The Use Of Dildos Turns Women Off Sex Apparently
It’s possible to surmise that the use of a dildo might turn a woman off more bipartisan forms of sex. Pleasuring oneself with the “Extra Large Mandingo” model could lead to a certain disappointment with the more regularly sized equipment provided by the average male. That Rampaging Rabbit’s ability to still be firm in 20 minutes of activity, the lack of required recovery time, might make the more normal masculine two minutes of squelching less appealing. But over and above that we’ve the possibility that the dildos themselves could be causing women to desire less sex:
Chemicals found in PVC flooring, plastic shower curtains, processed food and other trappings of modern life may be sapping women’s interest in sex.
A study has linked low libido with the additives used to soften plastics which are found in every home.
Women with the highest levels of phthalates in their bodies were more than twice as likely to say ‘not tonight dear’ as those with the lowest amounts.
The problem here being that phthalates are used to soften plastics. This softening meaning that they don’t have hard edges like the earlier artificial products like Bakelite used to have, and also that softening leads to their being warmer to the touch. Those are quite desirable attributes in the manufacture of sex toys and so all of those sex toys that are indeed made of plastic do indeed use phthalates. Where, of course, they are being introduced directly into the female body and thus, presumably, contributing to that loss of desire.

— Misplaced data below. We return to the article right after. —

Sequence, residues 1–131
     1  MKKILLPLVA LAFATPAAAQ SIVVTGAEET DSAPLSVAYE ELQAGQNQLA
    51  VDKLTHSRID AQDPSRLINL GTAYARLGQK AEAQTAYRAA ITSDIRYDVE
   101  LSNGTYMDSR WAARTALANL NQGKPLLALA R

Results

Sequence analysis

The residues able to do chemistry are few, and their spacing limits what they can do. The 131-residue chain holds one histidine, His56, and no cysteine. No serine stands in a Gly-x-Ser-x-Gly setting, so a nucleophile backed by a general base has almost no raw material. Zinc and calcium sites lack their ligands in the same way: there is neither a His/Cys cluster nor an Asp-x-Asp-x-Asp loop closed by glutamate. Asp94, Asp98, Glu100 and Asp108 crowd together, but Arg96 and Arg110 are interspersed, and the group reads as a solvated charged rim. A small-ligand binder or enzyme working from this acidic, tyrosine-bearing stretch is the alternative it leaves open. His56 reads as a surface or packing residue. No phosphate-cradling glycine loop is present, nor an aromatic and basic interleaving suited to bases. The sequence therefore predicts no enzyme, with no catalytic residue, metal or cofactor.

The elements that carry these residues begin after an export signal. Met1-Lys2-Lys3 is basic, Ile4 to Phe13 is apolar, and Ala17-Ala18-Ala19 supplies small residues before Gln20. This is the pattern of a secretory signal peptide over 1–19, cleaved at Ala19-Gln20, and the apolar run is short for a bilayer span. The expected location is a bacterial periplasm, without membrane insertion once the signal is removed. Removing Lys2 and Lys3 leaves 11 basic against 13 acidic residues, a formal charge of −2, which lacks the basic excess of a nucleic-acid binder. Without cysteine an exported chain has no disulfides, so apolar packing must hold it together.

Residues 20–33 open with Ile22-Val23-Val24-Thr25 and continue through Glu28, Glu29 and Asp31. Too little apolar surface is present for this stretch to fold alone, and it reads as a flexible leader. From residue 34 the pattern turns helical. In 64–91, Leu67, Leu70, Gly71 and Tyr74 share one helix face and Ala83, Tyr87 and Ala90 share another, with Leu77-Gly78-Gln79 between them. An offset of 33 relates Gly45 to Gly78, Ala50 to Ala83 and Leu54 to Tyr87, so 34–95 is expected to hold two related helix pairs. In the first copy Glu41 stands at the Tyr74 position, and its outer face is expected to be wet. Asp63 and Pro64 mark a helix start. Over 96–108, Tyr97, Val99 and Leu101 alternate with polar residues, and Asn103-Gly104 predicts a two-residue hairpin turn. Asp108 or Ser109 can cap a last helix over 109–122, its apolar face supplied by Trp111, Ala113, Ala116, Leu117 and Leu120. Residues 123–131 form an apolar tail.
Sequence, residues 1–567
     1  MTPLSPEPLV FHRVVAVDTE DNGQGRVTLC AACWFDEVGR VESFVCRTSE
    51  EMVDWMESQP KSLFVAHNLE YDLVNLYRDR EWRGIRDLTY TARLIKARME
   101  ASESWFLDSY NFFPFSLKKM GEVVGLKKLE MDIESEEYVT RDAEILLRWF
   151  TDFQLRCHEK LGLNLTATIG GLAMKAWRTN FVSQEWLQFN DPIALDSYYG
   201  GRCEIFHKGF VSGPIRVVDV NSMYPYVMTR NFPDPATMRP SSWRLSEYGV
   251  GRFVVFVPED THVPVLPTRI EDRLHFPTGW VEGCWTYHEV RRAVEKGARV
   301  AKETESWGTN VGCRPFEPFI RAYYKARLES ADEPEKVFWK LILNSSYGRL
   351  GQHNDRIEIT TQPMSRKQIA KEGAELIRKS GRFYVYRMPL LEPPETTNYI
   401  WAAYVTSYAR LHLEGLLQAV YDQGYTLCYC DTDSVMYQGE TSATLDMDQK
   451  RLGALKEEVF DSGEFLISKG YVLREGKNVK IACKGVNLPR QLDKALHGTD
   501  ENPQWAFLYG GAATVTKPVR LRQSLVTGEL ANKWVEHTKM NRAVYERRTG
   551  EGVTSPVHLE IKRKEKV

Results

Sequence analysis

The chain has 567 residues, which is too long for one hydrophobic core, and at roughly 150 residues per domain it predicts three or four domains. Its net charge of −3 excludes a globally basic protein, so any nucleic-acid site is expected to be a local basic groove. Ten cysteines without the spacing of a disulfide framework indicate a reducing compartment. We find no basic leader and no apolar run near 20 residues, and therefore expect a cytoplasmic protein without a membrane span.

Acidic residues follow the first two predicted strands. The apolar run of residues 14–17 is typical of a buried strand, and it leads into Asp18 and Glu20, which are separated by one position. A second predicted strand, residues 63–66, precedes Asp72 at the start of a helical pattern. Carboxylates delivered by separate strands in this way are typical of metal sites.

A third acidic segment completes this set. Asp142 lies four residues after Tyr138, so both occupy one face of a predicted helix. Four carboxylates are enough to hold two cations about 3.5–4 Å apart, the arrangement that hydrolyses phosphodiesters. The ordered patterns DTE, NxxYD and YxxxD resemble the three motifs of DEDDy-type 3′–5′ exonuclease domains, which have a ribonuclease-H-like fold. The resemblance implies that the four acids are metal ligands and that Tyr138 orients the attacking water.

There are material alternatives, of course there are, for there were sex toys long before there were plastics. But wood (splinters!) glass (rather cold) stone (ditto) were all superseded by those plastics when they became available precisely because of those drawbacks.
But it is fun to see that modern dildos are actually solving the problem they were created to solve. Women not getting enough sex: great use this to have sex and you’ll want less sex in the future.